I once worked with a man, we’ll call him Dave because that was his name, who rarely took responsibility for missed deadlines or miscommunication. He always had a reason why he struggled in his work and personal life. His “misses” were inevitably the fault of someone else: “They didn’t give me the right information.” “They made it impossible for me to do my job.” “They are terrible to work with.” “They are the reason why I’m late on this assignment.”
Oddly enough, if something did go his way, no one else seemed to have a hand in it. He was a Lone Ranger who didn’t even need a Tonto.
Continue reading #Charlottesville
It’s who we are. It’s a part of our DNA, our story, our very nature. Rather than finding peace, we go to war. Instead of seeking resolution, we raise objection. We choose conflict. We gravitate to the powerful. We are attracted to the brave and valiant rather over the diplomatic and level-headed.
War is as old as recorded history. Murder, even before that.
Continue reading A Path to Peace
Typically, by this time of year, the number of refugees crossing the Mediterranean from the northern coast of Africa would have subsided. Rough waters brought on by winter winds and currents would decrease traffic on the sea. However this year, the rush of immigrants continues at an alarming pace, resulting in a higher number of dead and missing persons lost to the cold waters than ever before.
Continue reading A Long Winter
I saw a news report of a man who approached a perfect stranger and punched him in the face. The stranger fell to the ground, never getting up, while the man walked calmly away.
The man who received the blow later died in a local hospital. The man who delivered the blow is still walking for all we know.
I saw a video of a refugee rubber raft that pulled alongside a large vessel in the Mediterranean Sea. While a sailor on the top deck shot the video with his phone, the refugees scraped and clawed to get off the raft and onto the rope ladders hanging from open doors on the port side of the ship. By the end of the short 10-minute video, the raft was sinking, debris littered the water, and the sailor was calmly pointing out drowning and dead bodies.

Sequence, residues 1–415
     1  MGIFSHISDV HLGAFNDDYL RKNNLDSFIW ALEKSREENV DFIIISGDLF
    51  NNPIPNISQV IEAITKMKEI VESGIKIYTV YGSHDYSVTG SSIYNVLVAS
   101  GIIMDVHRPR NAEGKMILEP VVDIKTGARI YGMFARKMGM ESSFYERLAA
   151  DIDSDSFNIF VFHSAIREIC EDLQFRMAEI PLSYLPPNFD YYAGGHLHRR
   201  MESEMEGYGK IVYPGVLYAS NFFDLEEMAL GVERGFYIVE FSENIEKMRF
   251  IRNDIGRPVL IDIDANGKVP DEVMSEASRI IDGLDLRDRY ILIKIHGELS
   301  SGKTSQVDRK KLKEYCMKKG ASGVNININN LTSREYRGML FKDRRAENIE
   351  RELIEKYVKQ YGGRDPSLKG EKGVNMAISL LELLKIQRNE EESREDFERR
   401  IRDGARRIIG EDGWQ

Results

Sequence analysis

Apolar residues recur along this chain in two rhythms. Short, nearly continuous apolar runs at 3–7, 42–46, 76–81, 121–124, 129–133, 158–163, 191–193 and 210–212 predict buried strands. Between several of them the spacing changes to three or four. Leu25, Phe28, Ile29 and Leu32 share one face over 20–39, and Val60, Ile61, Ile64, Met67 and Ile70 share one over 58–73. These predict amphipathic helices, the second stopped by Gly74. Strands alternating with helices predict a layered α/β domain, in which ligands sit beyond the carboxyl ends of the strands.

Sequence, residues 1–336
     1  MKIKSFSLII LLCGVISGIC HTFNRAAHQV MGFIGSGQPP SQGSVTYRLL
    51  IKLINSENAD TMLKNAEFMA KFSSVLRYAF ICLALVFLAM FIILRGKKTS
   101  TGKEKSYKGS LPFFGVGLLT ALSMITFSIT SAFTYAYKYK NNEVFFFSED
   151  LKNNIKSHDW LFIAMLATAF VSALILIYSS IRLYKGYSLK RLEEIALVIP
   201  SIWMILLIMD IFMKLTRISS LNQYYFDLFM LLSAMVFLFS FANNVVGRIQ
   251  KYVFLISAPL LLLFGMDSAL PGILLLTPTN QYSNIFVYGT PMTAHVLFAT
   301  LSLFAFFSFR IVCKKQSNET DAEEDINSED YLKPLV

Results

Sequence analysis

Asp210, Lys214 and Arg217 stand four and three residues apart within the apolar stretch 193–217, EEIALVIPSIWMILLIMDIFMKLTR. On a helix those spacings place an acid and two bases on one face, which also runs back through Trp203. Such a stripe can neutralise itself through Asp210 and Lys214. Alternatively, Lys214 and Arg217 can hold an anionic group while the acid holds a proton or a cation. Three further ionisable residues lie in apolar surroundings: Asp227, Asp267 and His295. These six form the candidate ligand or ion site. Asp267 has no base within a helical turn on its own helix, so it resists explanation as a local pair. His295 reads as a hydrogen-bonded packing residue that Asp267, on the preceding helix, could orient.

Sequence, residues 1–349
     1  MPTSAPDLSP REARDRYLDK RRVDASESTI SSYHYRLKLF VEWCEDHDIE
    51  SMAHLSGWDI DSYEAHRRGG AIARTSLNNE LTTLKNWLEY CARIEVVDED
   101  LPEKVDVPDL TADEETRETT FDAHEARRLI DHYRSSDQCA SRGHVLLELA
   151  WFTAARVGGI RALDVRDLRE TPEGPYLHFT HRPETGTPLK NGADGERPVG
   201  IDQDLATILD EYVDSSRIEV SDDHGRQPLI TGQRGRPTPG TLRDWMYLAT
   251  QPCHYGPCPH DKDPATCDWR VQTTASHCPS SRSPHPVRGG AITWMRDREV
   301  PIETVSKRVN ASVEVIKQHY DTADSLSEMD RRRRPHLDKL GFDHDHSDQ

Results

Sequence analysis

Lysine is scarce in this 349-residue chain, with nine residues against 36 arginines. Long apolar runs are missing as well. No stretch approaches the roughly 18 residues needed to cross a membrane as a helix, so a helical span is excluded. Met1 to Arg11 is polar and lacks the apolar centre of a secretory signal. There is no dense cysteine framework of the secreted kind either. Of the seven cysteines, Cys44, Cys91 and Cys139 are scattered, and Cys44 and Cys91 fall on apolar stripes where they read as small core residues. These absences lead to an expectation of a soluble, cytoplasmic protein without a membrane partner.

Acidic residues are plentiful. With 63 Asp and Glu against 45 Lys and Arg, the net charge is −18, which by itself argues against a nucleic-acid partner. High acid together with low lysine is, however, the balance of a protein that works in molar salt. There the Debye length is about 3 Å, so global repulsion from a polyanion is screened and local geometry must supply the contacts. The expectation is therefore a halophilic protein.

A man in Yemen lost 27 family members in a single airstrike that hit his home during dinner.
A church burns in Mississippi.
A woman is taken.
A child is abused.
What is our response? How do we act in the face of these stories? They happen while we sleep, literally and figuratively. They’ve become background noise to our busy and toy-filled lives. Random, unwarranted, hateful, hurtful, devastating acts of violence.
It leaves us shaking our heads, bemoaning the state of the world and asking the question, “What can I do?” Of course, the better question, is one we never ask ourselves, “What will I do?”
The news accounts are grizzly. The video footage is shocking. The loss is tragic. The reasons are inexcusable.
Bastille Day celebrations.
Black Lives Matter marches.
Turkey political unrest.
Hate crimes. Anger. Pain. Death. Darkness.
Each day the news brings accounts of violence of one against another. Every paper declares the injustice. Every network anchor looks into the camera with sincerity and tells the story of another horrifying moment in our nation’s collective story, our global community’s painful legacy.
We are unable to find a solution but we are able to point fingers of blame.
We have no answers, only excuses.
We can find no common ground, not even common enemies.
When will we ever learn? When will we begin the dialogue?